What do you mean “you’ve retired”! “You should still be in business you know”!

Yes I do know. It is the business of knowing oneself, and I am loving it. From a deep dark secret place, I know that I am back in business, but it is all happening at a subconscious level deep within me. It is from this place that I was able to initiate the first steps towards a new life. The life I knew I needed to lead. It’s called ART, and it is my life. Everything I do is creative/created, which is how I chose to step off the path I was on to create a new life. I didn’t know and still don’t know how I am going to survive financially, but it does not matter. I know I will survive because I live in Australia for godsake & not Ethiopia (vast difference)! Because of my beliefs I know that the Universe will provide….it always does. There has been no financial planning for my future, no goal plan of X, which allows me to play  golf or tennis every day, and travel to far away destinations on an annual basis. There is just this driven force which directs me where I need to go and what I need to do. Be true to myself and all else will follow, as night follows day, …trust!  This is paramount to our existence. And now my life is archived through my art, a vehicle for feeling – how good is that? To express your feelings in pictures – awesome!

I am a fortunate human being having an exceptional experience through this thing called ‘life’. Yet I currently have 5 people close to me who are exposed to a life/death experience (yes Cancer, and therefore very dependant upon their own will to survive at a calibre of life with which they feel comfortable) I honestly don’t think I really know what that is like – to look death in the eye, because I simply love life too much; but if I were delivered that sentence then I would “cherise the day, and every day that comes after…” Isn’t this how we should all live our lives, and decide upon our futures?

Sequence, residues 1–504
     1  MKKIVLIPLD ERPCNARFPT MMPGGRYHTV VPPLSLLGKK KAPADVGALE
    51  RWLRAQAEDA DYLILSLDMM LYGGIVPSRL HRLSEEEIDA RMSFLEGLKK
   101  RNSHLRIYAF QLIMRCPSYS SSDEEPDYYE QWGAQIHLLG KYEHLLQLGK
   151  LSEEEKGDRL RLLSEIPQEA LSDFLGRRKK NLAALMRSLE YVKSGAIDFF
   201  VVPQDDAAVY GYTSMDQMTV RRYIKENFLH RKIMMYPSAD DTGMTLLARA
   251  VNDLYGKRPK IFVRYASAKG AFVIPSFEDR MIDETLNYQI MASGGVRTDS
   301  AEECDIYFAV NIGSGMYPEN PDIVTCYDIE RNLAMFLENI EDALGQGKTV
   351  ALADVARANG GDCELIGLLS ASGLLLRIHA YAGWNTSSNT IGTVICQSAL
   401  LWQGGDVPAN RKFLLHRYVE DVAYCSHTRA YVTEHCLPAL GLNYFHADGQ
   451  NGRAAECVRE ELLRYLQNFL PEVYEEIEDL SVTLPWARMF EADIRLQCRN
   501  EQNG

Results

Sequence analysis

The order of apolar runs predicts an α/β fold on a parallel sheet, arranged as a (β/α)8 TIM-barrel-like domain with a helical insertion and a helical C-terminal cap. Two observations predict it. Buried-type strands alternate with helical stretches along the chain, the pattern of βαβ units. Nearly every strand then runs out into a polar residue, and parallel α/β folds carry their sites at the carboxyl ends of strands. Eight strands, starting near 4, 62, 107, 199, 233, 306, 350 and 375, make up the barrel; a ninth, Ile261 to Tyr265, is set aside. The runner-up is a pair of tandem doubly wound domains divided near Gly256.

As the author of this work I (Barbara Harkness) acknowledge the moral rights to the above have been asserted with the copyright, designs and patents act 1988. If you wish to use any of my material you may contact me for permission.

Nude – Using Brushes App

Life drawing composition finished on ipad with Brushes App
Life drawing composition finished on ipad with Brushes App

Drawing was imported into Brushes App, and coloured using the many varied brush techniques available on the App. All done with just my finger! Not sure if I could have achieved the figure drawing this way, but I like the experimental free flowing effect achieved through the Brushes App programme.

A Change of Heart

heirloom quilt

Why do we sometimes experience a change of heart and what exactly is it? Have we simply changed our mind on something, or has our heart had a ‘heart to heart’ with us? 

Well my heart spoke to me some time back, which is how I found myself going to Art School this year. So when I was given a brief in my sculpture class to create a ‘cocoon’, [definition: surrounds, protects, carefully crafted, tailored to the creature, transportable, transformative, a personal space which is poetic rather than functional]…..I got excited! I knew exactly what I would make before the brief was finished being read to us. A quilt!